THE HUMAN BRAIN: OBSTACLE TO SUCCESS?….I was browsing through this week’s issue of the Economist over lunch and read a long essay about the current state-of-the-art thinking on what makes great companies great. This has been a recurring and favorite topic among business management gurus for at least the past two decades.

(The essay is here, but don’t bother clicking on it unless you’re a subscriber. Yes, that means you, you slack jawed yokel, you.)

Ahem. Anyway, it turns out that while trendy management technologies are all very well, which trendy management technology you adopt doesn’t really matter. However:

….it matters very much, though, that whatever technology you choose to implement you execute it flawlessly.

Aha! So that’s what I’ve been missing. Gotta get me some of the flawless execution. Unfortunately, in the next paragraph my betters at McKinsey explain what my problem is:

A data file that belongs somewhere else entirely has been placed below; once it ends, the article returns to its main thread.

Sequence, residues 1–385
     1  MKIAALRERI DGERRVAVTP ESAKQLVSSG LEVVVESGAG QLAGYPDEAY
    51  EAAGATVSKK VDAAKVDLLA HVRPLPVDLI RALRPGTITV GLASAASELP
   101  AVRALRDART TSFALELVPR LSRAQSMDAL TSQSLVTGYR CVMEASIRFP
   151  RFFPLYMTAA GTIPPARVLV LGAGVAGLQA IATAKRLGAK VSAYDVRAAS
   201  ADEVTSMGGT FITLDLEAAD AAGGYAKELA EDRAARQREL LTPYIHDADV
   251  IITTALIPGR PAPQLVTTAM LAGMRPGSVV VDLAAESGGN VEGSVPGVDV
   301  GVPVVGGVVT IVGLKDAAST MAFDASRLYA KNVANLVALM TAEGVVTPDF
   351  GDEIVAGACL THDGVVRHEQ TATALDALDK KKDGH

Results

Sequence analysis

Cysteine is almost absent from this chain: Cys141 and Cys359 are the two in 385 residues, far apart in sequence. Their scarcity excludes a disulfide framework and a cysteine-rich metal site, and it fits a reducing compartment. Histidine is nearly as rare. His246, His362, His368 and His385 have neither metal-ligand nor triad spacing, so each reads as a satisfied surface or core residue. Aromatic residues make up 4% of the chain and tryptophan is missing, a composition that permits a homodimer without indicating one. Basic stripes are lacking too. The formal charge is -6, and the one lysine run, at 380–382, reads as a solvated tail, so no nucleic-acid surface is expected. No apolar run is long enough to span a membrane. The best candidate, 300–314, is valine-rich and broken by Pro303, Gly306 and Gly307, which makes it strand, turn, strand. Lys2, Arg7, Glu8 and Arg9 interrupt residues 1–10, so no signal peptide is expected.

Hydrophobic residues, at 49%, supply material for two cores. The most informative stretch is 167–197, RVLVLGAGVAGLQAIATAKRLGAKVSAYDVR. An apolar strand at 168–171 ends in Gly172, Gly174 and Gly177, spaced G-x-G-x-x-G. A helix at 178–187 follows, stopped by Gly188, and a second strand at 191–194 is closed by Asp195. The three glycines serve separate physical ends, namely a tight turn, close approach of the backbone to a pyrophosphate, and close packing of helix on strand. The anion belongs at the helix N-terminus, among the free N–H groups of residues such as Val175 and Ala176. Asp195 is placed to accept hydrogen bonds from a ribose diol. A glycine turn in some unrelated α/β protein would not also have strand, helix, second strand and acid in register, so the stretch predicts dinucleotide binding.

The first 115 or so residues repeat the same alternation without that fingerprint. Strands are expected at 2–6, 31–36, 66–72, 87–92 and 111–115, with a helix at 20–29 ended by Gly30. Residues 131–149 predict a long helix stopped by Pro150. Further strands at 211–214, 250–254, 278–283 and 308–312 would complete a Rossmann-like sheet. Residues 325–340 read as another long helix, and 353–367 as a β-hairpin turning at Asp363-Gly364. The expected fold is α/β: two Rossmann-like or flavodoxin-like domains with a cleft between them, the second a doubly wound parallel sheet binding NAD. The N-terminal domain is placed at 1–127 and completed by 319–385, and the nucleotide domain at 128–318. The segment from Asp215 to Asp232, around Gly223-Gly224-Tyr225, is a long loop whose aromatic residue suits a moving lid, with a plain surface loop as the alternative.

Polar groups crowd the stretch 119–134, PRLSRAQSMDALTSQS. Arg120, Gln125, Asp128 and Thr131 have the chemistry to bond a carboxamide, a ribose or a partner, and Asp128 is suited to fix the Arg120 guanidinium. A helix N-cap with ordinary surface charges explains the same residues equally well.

One thing standing in the way of the flawless execution of clear strategies, writes Charles Roxburgh in the latest issue of McKinsey Quarterly, is the human brain.

Yep, the human brain. That’s the kind I have, all right. (Unless Brad DeLong decides to upload my consciousness into a canary someday, of course.)

Once again, this essay confirms my belief that there is actually not one single thing that great companies have in common. In fact, this essay could almost be a Harvard Case Study in the use of the phrase “on the other hand.” There is practically nothing in it that isn’t either contradicted or hedged within a couple of paragraphs.

So save your money on all those business books out there and just follow Kevin’s ever-so-simple rules of good business: manage for profitability, treat your employees as if someone were filming a documentary of you, don’t let your hopes and desires color your view of distasteful reality, and never ever put off difficult decisons just because they are going to be personally painful.

Now go out and make some money.

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